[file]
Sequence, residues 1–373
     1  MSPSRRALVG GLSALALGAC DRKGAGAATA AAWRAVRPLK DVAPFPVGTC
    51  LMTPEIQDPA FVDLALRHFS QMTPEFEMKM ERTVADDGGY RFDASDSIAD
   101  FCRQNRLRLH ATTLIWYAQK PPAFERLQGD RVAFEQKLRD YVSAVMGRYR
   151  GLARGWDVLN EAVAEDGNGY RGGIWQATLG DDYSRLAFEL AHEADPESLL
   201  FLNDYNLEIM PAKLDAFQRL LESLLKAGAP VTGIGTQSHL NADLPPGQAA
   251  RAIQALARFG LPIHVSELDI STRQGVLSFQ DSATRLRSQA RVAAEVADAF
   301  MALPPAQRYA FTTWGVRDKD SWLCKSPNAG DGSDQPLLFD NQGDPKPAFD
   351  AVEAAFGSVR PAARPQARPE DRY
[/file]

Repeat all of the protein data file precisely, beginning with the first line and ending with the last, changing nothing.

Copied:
Sequence, residues 1–373
     1  MSPSRRALVG GLSALALGAC DRKGAGAATA AAWRAVRPLK DVAPFPVGTC
    51  LMTPEIQDPA FVDLALRHFS QMTPEFEMKM ERTVADDGGY RFDASDSIAD
   101  FCRQNRLRLH ATTLIWYAQK PPAFERLQGD RVAFEQKLRD YVSAVMGRYR
   151  GLARGWDVLN EAVAEDGNGY RGGIWQATLG DDYSRLAFEL AHEADPESLL
   201  FLNDYNLEIM PAKLDAFQRL LESLLKAGAP VTGIGTQSHL NADLPPGQAA
   251  RAIQALARFG LPIHVSELDI STRQGVLSFQ DSATRLRSQA RVAAEVADAF
   301  MALPPAQRYA FTTWGVRDKD SWLCKSPNAG DGSDQPLLFD NQGDPKPAFD
   351  AVEAAFGSVR PAARPQARPE DRY